We’ve discussed Don Giovanni and the abuse of power in these pages in the past. At the time I thought we’d seen perhaps the worst of it with Donald Trump’s comments about where to “grab" women. Now we have several situations to which Don Giovanni and it’s warnings are even more relevant.
The New York Times has published a list of 50 men accused of sexual misconduct since the story broke about Hollywood producer Harvey Weinstein. Not all of them are of Don Giovanni quality but they are all men in positions of influence who are being accused of abusing their power.
Don Giovanni at La Scala
Mozart’s Don Giovanni starts with an attempted rape of Donna Anna by Giovanni. Anna’s father, The Commandatore, interrupts the scene. Giovanni ends up killing the old man and flees the scene.
I have seen this scene staged, in a 2011 La Scala production, as though Donna Anna were wanting Giovanni to rape her. There is no way to change the text which has Anna repelling Giovanni. In this case the staging was more like Br'er Rabbit saying, “Please don’t throw me into the briar patch.”
This of course means she wants Giovanni to rape her.
The idea of a rape fantasy, while confusing to some, is a real thing. Yet the overriding message of Don Giovanni is that of a man abusing his position of authority. For a director to have the audacity to stage this as anything but a rape attempt reveals either an ingrained male perspective, or the tiresome tendency (common to opera producers) to re-imagine frequently performed pieces..
Later in the opera, Giovanni’s valet, Leporello, sings the “Catalog Aria” in which he recounts just how many women Giovanni has seduced. The number is 2065. Whether or not these were all consenting seductions instead of rape is up for interpretation. From the opening scene we do know that Giovanni isn’t opposed to rape.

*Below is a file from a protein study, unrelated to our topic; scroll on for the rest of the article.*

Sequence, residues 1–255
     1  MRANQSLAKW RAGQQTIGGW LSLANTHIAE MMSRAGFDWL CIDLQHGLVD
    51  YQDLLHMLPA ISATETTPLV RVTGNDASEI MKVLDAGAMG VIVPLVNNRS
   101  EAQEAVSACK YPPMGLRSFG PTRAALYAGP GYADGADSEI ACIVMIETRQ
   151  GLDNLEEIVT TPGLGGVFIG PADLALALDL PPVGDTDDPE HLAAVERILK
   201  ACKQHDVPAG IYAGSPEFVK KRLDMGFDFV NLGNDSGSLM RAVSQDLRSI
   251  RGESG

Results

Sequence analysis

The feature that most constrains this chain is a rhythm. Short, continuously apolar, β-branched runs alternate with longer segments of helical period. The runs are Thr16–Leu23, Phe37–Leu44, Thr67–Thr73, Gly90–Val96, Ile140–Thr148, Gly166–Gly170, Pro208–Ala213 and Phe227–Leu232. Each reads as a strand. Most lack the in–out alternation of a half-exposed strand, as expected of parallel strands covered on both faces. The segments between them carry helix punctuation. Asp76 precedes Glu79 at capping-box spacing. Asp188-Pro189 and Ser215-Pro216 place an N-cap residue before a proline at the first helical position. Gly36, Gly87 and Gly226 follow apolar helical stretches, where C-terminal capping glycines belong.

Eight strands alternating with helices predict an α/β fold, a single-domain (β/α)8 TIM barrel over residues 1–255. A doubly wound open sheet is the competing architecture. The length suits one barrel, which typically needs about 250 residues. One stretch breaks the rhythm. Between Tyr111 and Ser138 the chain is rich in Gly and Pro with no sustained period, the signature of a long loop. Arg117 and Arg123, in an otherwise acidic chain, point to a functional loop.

According to the text of Leporello's aria, the 2065 are, “peasant girls, maidservants, city girls, countesses, baronesses, marchionesses, princesses, women of every rank, every shape, every age.”
Donna Anna is a noblewoman and therefore she fights back. How many weren’t of the nobility and therefore were not allowed to resist a chevalier such as Giovanni? What does “every age” mean? How young were these women?
The horrific text of the aria is covered with some of Mozart’s most charming music. If Mozart were trying to make a villain of Giovanni and his lechery then why give this aria such fantastic music? A quote from Wolfgang himself can give us some guidance.
Music, even in situations of the greatest horror, should never be painful to the ear but should flatter and charm it, and thereby always remain music. Wolfgang Amadeus Mozart
The character of Don Giovanni is one of the most repulsive in the entire operatic repertoire. Mozart’s music softens the ragged edge of Giovanni’s brutality by flattering and charming our ears at almost every moment.
I would not be surprised to see a production of Don Giovanni in 2018 which is updated to present Giovanni as a Hollywood producer. It fits too well. Imagine Harvey Weinstein’s lawyer singing the “Catalog Aria”.
To politicize Giovanni in this way would be more than appropriate given the fact that Mozart and the librettist, Da Ponte, intended Don Giovanni to political from the very start.